Date of Award
Master of Arts
Misty G. Anderson
Heather Hirschfeld, Katy Chiles
Exploring Memory’s Terra Incognitas explores two narrative concerns in Frances Burney’s The Wanderer: Juliet’s opacity as a heroine and her troubling entrance in the novel disguised in blackface, only to be later revealed as white and British. This project argues that both Juliet’s lack of interiority and racial instability represent Burney’s sensitivity to changing notions of the self at the end of the 18th century. Drawing on Dror Wahrman and Joseph Roach’s recent work on historical notions of the self, theater, performance, I suggest that Burney’s maligned last novel represents a generic achievement in the history of the novel, but also displays a profound awareness of the challenges of representing and remembering minority, especially black, narratives of the self in history. Individual chapters investigate The Wanderer’s response to the challenge of testifying to the slave revolt in Haiti, to the “bleaching” of Imoinda on stage in Thomas Southerne’s adaption of Aphra Behn’s novella, and to the quotidian meaning of the Mansfield Decision in a culture saturated by an already complex consumer and colonial past.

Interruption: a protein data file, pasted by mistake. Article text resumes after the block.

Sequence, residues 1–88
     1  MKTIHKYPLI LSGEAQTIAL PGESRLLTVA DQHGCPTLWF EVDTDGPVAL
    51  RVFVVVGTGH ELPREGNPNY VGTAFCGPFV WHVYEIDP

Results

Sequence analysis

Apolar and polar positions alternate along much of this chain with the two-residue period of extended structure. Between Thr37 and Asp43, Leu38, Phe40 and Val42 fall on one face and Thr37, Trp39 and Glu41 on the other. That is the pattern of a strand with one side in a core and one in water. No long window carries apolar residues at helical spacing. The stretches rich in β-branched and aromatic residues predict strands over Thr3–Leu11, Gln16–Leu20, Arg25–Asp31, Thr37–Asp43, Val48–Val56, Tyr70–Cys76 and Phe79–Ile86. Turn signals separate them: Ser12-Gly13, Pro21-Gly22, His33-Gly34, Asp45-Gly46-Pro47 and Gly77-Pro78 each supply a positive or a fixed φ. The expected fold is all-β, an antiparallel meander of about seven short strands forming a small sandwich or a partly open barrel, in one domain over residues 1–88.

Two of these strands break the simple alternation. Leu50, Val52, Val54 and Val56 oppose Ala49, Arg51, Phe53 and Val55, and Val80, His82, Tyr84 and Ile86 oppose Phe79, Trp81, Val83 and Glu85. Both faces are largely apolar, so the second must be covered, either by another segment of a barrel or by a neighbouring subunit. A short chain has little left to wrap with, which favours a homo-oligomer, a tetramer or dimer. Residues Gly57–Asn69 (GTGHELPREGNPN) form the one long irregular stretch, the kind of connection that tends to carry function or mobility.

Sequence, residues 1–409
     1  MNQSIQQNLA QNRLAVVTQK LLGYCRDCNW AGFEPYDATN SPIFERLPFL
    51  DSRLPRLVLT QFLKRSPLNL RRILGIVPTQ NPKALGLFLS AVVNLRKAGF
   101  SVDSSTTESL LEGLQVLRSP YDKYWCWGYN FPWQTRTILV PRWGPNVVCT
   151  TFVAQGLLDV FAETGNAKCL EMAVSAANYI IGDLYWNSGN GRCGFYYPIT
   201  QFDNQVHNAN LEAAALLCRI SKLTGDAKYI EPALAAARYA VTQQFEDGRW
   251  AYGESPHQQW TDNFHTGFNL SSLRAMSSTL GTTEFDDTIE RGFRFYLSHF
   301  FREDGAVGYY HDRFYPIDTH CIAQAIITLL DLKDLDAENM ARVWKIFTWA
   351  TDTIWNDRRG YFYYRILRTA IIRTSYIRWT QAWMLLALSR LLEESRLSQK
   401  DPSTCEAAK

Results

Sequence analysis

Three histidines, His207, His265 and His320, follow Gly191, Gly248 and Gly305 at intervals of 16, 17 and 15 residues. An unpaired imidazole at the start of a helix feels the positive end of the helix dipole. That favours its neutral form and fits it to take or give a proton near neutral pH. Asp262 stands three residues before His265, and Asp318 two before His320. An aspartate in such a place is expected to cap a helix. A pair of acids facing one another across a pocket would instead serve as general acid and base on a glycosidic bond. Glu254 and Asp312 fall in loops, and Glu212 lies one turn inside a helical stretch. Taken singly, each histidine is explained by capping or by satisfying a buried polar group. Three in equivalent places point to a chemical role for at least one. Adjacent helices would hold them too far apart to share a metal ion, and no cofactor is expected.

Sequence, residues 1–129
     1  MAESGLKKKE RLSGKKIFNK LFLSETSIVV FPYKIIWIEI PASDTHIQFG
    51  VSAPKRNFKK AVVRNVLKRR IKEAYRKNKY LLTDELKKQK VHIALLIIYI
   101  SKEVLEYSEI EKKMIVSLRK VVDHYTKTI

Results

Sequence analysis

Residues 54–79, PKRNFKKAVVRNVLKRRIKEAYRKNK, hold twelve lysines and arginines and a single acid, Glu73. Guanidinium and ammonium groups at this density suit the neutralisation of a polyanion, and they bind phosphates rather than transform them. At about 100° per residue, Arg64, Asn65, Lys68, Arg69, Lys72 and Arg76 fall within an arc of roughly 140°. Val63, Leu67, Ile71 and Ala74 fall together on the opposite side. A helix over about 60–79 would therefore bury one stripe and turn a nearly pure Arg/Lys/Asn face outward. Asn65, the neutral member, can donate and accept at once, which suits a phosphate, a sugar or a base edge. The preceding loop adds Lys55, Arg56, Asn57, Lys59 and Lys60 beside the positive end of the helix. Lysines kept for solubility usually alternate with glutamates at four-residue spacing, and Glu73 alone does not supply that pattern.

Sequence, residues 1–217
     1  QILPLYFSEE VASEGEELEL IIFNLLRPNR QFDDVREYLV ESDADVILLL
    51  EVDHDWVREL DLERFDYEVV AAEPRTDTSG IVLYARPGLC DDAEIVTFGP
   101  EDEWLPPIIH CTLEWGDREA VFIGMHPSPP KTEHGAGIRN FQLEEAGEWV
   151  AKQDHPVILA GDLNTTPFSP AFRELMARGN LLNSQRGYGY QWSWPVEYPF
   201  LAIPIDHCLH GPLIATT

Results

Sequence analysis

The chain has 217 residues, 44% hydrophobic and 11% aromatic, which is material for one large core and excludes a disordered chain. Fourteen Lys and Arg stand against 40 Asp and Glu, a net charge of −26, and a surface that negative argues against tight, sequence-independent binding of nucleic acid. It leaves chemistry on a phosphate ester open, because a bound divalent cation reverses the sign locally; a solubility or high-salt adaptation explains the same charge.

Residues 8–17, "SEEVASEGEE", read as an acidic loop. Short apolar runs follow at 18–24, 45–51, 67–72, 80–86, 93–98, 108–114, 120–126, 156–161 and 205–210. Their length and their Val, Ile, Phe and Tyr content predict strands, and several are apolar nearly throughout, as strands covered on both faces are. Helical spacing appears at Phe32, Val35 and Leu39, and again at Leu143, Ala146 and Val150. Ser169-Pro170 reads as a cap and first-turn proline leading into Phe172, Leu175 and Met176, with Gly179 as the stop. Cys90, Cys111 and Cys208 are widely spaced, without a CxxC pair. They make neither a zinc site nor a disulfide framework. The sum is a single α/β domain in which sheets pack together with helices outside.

Johnson, Shelby Lynn, "Reclaiming Memory's Terra Incognitas: Uncovering the Self in Frances Burney's The Wanderer. " Master's Thesis, University of Tennessee, 2012.